The expertise of the school social worker lies in assessing the student in relation to the family, school, and community. In this role, the school social worker gathers information concerning the student's developmental milestones and health status. Family and school histories, as they pertain to the child's current school progress, are also obtained. The school social worker also is the primary specialist who coordinates community resources on behalf of students.  The school social worker may provide school-based counseling is a student’s social and emotional functioning is hindering his or her academic wellbeing. 

WHAT DO I DO IF I WANT MY CHILD EVALUATED BY THE CHILD STUDY TEAM?

If you believe that your child may have a disability, you may refer your child for an evaluation by submitting a written request to the school district, attention to Dr. Michelle Fenwick, Director of Special Programs.  Requests are made in hard copy form, dated, with an original signature.  In the letter please state your child's name, school, grade level, date of birth, and the specific concerns you have.  The letter must contain your original signature.  Upon receipt of your letter, a case manager from the Child Study Team will be assigned to your child's case and an Identification Meeting will be scheduled.  At this meeting please bring all relevant paperwork / documentation / medical reports that are relevant to your concerns.  The CST will review previous general education interventions that have been made and determine whether or not to proceed with testing.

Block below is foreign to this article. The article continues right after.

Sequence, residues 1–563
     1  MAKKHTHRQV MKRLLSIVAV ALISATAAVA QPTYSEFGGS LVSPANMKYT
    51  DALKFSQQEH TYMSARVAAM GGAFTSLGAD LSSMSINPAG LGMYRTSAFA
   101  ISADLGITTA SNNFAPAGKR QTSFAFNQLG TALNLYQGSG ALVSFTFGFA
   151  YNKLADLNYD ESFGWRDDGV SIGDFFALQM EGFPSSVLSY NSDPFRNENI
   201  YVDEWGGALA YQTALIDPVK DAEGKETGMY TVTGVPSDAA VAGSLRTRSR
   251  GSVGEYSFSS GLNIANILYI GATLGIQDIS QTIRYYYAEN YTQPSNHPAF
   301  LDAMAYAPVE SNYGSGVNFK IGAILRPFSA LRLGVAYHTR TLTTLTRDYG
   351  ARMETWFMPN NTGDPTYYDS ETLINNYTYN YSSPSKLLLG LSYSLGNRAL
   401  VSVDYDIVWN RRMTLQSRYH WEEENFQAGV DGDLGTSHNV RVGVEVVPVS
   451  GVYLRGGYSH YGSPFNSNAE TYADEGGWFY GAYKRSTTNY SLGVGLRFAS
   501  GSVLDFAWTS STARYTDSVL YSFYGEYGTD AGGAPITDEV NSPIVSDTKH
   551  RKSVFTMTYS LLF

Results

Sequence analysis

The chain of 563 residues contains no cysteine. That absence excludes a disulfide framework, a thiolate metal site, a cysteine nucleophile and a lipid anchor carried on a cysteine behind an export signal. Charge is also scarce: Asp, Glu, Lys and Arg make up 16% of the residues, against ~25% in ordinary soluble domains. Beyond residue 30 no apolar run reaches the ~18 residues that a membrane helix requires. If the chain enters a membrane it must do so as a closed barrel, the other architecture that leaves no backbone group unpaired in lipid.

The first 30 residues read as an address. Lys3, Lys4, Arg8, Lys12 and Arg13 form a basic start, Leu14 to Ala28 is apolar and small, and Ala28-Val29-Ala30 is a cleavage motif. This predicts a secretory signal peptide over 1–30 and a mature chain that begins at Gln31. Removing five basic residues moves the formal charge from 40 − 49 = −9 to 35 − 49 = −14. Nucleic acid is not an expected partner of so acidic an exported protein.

WHAT IS NJ TIERED SYSTEM OF SUPPORTS (NJTSS), MULTI-TIERED SYSTEM OF SUPPORTS (MTSS) AND RESPONSE TO INTERVENTION (RTI)?

New Jersey's Tiered System of Supports (NJTSS) is a framework of academic and behavioral supports and interventions to improve student achievement, based on the core components of multi-tiered systems of supports( MTSS) and the three-tier prevention logic of Response to Intervention (RTI). With a foundation of strong district and school leadership, a positive school culture and climate, and family and community engagement, NJTSS builds upon intervention and referral services(I&RS) and gives schools a structure to meet the academic, behavioral, health, enrichment, and social-emotional needs of all students.  
https://www.nj.gov/education/njtss/brief.pdf

WHAT IS THE DIFFERENCE BETWEEN I&RS AND SPECIAL EDUCATION?

Intervention and Referral Services (I&RS) is a school-based intervention plan available to general education students experiencing academic difficulty.  The purpose of I&RS to provide teachers with strategies and students with interventions to help them successfully address their academic difficulties.  If difficulties persist despite I&RS interventions, a student may be referred to the CST or 504 committee.  More information and/or formal evaluation may be necessary to determine if the student has a disability.